An excellent coastal walk is in the area of Beachy Head and is called the “Seven Sisters”. It is a walk with seven little hills (more if you include Beachy Head) and for those with an interest in history, there are fascinating tales of smuggling and shipwrecks covered in the information boards. The details of this walk can be found in this blog The Seven Sisters. It is a beautiful walk from Birling Gap to Cuckmere Haven where you can see for miles out to sea, the stunning chalk cliffs and on arrival at Cuckmere Haven, see the last few lazy metres of the meandering River Cuckmere reaching the sea. The Cuckmere Valley itself is well worth a visit in its own right. This part of the coast is also an area of Special Scientific Interest owing to the chalk bedrock being home to some nationally rare species of flora and fauna. I would also say the bravery of the sheep is pretty unique as they graze incredibly close to the cliff edge even on very windy days!


Seven Sisters in Sussex

 

 

 

 

 

 

 

 

 

 


For something completely different on the Sussex/Kent border is Bewl Water - a reservoir created between 1973 and 1978 by building a 900 metre long and 30 metre high dam. The perimeter of the reservoir is 17 miles, making it the largest inland water area in the south east. The official walk around Bewl Water however is less at 13 miles. It has over recent years become an excellent centre for watersports, fishing, biking, conservation and what are termed “adrenaline activities”.... The mind boggles! I have walked this route on many occasions but have never seen the water levels as low as they are at the moment in early 2012. I have also participated in some of the raft-building and rope-balancing activities. I am pleased to report the raft floated! For more on this reservoir walk I have written about it separately here: Bewl Water.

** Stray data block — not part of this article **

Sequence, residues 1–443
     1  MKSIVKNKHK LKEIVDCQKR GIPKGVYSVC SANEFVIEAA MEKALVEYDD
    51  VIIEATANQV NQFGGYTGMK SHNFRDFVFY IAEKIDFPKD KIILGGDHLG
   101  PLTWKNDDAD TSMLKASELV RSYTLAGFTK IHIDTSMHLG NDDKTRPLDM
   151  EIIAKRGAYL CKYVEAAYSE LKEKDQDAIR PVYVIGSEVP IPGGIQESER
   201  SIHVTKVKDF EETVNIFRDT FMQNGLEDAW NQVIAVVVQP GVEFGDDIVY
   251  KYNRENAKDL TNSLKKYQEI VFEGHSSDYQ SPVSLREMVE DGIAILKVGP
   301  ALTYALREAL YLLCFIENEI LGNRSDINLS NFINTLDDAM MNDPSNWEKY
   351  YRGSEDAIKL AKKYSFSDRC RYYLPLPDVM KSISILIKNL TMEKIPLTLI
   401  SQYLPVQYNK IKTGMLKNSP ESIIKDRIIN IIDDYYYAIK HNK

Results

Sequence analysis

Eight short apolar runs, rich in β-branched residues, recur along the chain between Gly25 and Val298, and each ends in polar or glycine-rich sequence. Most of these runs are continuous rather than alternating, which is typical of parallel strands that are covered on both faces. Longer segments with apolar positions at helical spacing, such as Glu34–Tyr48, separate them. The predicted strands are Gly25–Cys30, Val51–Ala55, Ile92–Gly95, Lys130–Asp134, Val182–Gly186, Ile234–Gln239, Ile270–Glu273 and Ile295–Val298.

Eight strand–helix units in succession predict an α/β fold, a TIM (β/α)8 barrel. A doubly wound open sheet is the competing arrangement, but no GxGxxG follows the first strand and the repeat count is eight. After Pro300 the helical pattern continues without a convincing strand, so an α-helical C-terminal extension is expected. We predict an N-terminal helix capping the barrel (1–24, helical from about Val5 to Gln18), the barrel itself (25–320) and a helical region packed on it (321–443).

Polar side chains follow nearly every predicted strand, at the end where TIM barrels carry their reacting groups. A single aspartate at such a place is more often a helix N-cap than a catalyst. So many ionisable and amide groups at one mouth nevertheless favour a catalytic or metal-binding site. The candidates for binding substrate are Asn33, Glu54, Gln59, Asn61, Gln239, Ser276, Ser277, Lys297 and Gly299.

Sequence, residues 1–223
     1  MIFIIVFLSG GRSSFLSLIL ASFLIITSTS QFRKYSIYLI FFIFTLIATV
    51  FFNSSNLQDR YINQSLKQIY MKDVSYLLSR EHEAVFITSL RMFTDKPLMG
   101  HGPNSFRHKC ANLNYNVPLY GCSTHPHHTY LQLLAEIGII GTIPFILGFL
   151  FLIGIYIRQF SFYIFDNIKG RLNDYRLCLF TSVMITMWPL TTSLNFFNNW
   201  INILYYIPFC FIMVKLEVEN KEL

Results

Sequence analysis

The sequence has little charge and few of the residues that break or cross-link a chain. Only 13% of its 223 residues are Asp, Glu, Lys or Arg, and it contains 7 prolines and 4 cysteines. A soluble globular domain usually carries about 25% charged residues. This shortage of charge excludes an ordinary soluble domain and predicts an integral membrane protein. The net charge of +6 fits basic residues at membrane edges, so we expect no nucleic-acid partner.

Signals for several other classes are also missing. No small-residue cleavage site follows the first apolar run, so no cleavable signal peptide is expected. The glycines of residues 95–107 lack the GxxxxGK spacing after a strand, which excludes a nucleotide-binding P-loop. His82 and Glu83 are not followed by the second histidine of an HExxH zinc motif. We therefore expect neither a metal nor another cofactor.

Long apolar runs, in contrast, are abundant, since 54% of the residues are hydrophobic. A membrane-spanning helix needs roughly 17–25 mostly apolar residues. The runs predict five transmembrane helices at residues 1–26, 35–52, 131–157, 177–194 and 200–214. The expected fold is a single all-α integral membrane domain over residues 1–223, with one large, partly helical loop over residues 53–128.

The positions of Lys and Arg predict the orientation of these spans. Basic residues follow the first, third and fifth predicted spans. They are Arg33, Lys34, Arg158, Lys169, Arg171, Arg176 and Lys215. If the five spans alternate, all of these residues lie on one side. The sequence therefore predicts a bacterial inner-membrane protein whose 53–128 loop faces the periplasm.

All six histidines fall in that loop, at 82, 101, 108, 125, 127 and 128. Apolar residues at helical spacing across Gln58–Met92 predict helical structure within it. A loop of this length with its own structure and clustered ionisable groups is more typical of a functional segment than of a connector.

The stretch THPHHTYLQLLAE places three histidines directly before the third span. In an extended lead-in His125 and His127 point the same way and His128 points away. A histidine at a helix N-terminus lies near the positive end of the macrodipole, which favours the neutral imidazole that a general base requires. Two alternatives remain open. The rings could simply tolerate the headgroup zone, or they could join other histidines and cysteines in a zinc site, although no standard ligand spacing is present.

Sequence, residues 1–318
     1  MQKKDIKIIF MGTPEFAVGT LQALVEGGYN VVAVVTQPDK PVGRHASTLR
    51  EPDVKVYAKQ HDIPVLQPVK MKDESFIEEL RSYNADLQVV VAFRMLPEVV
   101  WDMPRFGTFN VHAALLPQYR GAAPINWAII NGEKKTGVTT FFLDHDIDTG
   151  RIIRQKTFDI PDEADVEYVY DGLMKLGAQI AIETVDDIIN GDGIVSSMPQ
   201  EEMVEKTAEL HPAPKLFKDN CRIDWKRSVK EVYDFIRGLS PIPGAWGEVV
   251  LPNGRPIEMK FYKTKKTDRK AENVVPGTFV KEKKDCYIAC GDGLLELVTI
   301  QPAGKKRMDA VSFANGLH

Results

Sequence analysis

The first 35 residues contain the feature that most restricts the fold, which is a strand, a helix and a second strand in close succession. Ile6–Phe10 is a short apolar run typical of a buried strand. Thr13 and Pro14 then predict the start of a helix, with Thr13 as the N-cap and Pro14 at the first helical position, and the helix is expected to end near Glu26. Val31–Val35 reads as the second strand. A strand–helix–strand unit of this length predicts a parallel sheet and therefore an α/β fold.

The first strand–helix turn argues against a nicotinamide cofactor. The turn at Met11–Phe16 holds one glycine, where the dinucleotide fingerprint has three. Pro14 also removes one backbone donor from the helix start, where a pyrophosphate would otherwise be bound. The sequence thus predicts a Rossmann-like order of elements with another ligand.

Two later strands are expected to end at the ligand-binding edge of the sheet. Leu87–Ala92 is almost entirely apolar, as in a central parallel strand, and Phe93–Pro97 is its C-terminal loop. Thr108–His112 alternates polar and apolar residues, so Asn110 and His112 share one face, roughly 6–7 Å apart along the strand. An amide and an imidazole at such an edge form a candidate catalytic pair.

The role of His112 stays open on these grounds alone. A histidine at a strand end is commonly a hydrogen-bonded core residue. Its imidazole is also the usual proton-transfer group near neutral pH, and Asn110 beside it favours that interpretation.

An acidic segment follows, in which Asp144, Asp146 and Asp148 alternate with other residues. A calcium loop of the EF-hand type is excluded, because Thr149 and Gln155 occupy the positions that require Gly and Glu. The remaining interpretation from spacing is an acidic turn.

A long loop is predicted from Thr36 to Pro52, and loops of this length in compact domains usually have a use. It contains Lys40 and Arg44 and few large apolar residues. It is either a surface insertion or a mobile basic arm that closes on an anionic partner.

Bewl Water in Sussex

 

 

 

 

 

 

 

 

 

 


So there are plenty of places to walk and admire the many and varied views in Sussex. There are also some historic sites to visit. The town of Battle and Battle Abbey need little introduction and one of my favourite places to go is Bodiam Castle near Robertsbridge. But these are all for a different Sussex walk in the future - watch this space!